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    Quote Originally Posted by Tom Sawyer View Post
    Nobody without a gas licence should ever touch gas piping.
    Not true everywhere. That said, I wouldn't even think about copper or CSS. Black pipe is pretty forgiving, though.

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    In the Trades Tom Sawyer's Avatar
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    Ok, where should folks without a gas fitters license play with gas pipeing?
    [B]No, plumbing ain't rocket science. Unlike rocket science, plumbing requires a license[B]

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    DIY Senior Member bluebinky's Avatar
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    Quote Originally Posted by Tom Sawyer View Post
    Ok, where should folks without a gas fitters license play with gas pipeing?
    In this part of California (Santa Clara), it is legal for a homeowner to work on gas piping (with proper permits, of course). Whether or not it is a good idea, is another issue. "Should" is not a word I would use in this case. "Shouldn't" is the word for DIY corrugated and/or torches around gas.

  9. #9
    Moderator & Master Plumber hj's Avatar
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    quote; where should folks without a gas fitters license play with gas pipeing?

    "Can" would be a better word than should. Hopefully it is in an area that has a fire department with rapid response times.
    Licensed residential and commercial plumber

  10. #10
    DIY Senior Member BobL43's Avatar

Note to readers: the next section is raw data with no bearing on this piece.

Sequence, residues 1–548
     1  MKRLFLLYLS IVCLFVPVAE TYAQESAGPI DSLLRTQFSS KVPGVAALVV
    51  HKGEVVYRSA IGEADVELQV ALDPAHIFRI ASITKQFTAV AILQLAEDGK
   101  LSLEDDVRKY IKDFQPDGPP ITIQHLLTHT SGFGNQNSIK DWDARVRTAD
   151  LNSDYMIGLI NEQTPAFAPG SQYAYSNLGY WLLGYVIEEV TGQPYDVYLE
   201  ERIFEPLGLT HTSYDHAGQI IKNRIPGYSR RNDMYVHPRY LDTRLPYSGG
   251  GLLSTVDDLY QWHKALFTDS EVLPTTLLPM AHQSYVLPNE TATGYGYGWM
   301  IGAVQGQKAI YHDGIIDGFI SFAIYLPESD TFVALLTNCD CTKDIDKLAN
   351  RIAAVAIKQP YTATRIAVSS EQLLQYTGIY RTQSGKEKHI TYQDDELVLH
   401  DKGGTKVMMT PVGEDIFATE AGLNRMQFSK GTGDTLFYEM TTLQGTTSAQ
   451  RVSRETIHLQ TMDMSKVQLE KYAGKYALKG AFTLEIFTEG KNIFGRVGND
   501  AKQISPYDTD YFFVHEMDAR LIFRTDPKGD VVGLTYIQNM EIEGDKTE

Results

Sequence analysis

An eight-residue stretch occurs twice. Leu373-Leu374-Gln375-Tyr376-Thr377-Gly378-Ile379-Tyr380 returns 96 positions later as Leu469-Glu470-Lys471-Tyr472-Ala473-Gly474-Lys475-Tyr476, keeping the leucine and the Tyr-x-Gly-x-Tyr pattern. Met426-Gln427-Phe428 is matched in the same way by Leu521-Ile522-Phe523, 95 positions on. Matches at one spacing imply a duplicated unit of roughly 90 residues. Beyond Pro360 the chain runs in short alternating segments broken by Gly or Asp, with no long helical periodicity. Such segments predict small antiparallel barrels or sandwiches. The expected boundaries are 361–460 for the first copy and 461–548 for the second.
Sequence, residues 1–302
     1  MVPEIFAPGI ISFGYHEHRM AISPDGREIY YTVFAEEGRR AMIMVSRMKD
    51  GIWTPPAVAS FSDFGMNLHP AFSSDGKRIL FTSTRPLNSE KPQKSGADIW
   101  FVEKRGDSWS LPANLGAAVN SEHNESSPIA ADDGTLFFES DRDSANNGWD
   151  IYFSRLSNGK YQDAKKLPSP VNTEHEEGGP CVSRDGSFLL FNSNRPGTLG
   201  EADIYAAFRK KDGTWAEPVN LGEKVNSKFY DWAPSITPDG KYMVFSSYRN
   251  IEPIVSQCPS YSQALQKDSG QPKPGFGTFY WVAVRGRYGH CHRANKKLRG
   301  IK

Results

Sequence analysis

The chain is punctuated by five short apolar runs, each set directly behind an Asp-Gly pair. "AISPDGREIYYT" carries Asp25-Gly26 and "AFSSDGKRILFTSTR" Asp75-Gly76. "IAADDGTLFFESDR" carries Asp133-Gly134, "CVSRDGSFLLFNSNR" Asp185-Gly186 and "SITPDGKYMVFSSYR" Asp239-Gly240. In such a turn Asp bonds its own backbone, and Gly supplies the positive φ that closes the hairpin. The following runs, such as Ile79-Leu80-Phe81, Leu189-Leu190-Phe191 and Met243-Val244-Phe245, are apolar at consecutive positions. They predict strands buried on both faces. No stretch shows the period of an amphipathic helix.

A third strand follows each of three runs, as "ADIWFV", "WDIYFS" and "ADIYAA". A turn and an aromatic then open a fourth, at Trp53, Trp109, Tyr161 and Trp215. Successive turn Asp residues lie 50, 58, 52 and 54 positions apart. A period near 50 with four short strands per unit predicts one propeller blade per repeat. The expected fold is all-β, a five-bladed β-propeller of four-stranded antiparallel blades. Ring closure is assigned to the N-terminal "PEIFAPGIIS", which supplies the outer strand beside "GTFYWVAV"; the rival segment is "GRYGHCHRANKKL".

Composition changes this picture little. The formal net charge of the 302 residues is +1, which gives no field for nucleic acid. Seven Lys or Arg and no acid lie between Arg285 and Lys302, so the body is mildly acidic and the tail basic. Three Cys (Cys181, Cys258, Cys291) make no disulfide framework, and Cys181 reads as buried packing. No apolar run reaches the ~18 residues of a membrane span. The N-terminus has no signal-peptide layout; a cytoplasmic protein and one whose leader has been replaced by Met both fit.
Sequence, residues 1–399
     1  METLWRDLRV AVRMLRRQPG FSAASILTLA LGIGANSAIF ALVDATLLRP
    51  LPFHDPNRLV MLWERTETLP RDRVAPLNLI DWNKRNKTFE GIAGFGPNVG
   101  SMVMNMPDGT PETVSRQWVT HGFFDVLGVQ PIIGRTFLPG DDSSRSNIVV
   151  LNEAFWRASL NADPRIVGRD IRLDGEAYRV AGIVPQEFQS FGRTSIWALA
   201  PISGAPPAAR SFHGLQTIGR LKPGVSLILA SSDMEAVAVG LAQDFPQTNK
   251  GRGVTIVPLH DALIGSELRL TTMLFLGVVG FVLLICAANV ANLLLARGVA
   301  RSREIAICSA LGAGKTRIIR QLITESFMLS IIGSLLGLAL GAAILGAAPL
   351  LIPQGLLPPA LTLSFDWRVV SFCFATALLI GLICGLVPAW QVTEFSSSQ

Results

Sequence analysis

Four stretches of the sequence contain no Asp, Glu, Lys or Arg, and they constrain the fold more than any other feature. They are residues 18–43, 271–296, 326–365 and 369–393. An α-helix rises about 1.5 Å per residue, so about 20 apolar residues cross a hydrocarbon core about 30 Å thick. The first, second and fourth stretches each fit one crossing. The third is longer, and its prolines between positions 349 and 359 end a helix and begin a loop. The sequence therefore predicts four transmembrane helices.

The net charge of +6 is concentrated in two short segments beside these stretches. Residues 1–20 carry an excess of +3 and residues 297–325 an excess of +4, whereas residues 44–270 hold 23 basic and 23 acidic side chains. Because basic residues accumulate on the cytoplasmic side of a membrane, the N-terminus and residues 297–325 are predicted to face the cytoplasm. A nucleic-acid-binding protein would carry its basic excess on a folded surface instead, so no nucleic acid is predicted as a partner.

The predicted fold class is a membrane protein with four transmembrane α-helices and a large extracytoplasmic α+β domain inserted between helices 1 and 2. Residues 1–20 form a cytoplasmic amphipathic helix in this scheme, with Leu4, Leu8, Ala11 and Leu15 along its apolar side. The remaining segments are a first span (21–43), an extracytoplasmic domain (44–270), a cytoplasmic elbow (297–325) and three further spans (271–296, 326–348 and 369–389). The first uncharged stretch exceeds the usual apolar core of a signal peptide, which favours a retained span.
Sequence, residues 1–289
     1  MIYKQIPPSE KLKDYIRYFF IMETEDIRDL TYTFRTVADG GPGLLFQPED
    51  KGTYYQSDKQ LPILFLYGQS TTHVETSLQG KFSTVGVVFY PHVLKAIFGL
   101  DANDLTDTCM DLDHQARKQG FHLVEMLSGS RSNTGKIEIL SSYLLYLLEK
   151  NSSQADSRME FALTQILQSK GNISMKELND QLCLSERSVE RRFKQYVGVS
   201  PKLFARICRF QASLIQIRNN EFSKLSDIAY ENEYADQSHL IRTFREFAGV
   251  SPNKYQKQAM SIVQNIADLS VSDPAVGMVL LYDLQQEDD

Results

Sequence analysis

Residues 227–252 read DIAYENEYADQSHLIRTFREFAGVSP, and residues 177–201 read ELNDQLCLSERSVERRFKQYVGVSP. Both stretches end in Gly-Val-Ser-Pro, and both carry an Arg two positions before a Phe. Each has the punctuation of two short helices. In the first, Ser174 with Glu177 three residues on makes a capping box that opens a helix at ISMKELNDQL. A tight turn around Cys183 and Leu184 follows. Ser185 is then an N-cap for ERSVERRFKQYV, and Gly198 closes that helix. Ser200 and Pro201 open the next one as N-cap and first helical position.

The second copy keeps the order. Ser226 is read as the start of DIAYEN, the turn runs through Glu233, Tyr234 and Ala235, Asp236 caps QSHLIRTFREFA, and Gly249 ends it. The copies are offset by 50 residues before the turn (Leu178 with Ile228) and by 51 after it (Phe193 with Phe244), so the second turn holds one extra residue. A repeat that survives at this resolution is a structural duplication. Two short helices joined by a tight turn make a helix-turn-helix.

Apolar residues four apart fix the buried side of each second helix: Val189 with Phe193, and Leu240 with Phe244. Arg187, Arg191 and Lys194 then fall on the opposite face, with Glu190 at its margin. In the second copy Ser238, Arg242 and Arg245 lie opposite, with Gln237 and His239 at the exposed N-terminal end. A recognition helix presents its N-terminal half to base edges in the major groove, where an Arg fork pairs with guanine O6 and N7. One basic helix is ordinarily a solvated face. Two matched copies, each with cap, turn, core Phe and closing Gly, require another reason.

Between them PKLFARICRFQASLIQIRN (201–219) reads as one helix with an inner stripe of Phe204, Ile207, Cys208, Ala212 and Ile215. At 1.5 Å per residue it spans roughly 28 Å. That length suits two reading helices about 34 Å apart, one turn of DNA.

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    Quote Originally Posted by hj View Post
    quote; where should folks without a gas fitters license play with gas pipeing?

    "Can" would be a better word than should. Hopefully it is in an area that has a fire department with rapid response times.
    Faster than an exploding house. I used to know a plumber who used to check for gas leaks with a match; honest! he is no longer alive, but not dead from explosions. He did burn the hair off his face a few times though. I guess he never had any soapy water around but he was a big smoker. Actually he was working with propane when it happened. He had hooked up the bottles for a friend who had just bought a hot dog truck and did him a favor. was funny but not funny if you know what I mean.
    I am definitely not a pro plumber, but I am a pro crastinator

  11. #11
    In the Trades Tom Sawyer's Avatar
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    35 years ago the gas company guys all checked for leaks with a match. Times change I guess. Probably for the better in this case.

    HJ, I liked that comment
    [B]No, plumbing ain't rocket science. Unlike rocket science, plumbing requires a license[B]

  12. #12
    DIY Junior Member Spaceball1's Avatar
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    Upon further review, the existing copper pipe uses flared fittings. I'm hiring this part done anyway.

  13. #13
    Moderator & Master Plumber hj's Avatar
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    We were working in a motel which had the old "Panel Ray" propane heaters. After the gas was turned back on the guys were going into the rooms to light the pilots. I went past a room just as the journeyman started to go into it. I told him, "STOP". He did and asked why? I lit a match and tossed it into the room and the vapor burned off with a flash. I told him, "That's why. The pilot's safery switch is not working."
    Licensed residential and commercial plumber